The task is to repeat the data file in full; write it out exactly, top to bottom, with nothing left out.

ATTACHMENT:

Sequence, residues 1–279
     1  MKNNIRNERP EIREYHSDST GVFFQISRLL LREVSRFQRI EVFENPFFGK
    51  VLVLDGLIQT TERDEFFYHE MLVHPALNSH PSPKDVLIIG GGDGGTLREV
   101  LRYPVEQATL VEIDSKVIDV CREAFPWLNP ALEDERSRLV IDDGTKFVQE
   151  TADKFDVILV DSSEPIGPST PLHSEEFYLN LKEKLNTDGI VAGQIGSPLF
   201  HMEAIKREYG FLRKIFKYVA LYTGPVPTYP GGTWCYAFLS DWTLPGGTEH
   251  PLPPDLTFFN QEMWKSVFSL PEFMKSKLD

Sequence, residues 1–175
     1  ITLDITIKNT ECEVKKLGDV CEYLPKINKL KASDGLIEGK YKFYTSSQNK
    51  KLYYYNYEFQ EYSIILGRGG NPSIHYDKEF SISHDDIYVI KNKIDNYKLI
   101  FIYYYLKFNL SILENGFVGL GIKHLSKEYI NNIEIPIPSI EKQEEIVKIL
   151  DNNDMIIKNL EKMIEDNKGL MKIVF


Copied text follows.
Sequence, residues 1–279
     1  MKNNIRNERP EIREYHSDST GVFFQISRLL LREVSRFQRI EVFENPFFGK
    51  VLVLDGLIQT TERDEFFYHE MLVHPALNSH PSPKDVLIIG GGDGGTLREV
   101  LRYPVEQATL VEIDSKVIDV CREAFPWLNP ALEDERSRLV IDDGTKFVQE
   151  TADKFDVILV DSSEPIGPST PLHSEEFYLN LKEKLNTDGI VAGQIGSPLF
   201  HMEAIKREYG FLRKIFKYVA LYTGPVPTYP GGTWCYAFLS DWTLPGGTEH
   251  PLPPDLTFFN QEMWKSVFSL PEFMKSKLD

Sequence, residues 1–175
     1  ITLDITIKNT ECEVKKLGDV CEYLPKINKL KASDGLIEGK YKFYTSSQNK
    51  KLYYYNYEFQ EYSIILGRGG NPSIHYDKEF SISHDDIYVI KNKIDNYKLI
   101  FIYYYLKFNL SILENGFVGL GIKHLSKEYI NNIEIPIPSI EKQEEIVKIL
   151  DNNDMIIKNL EKMIEDNKGL MKIVF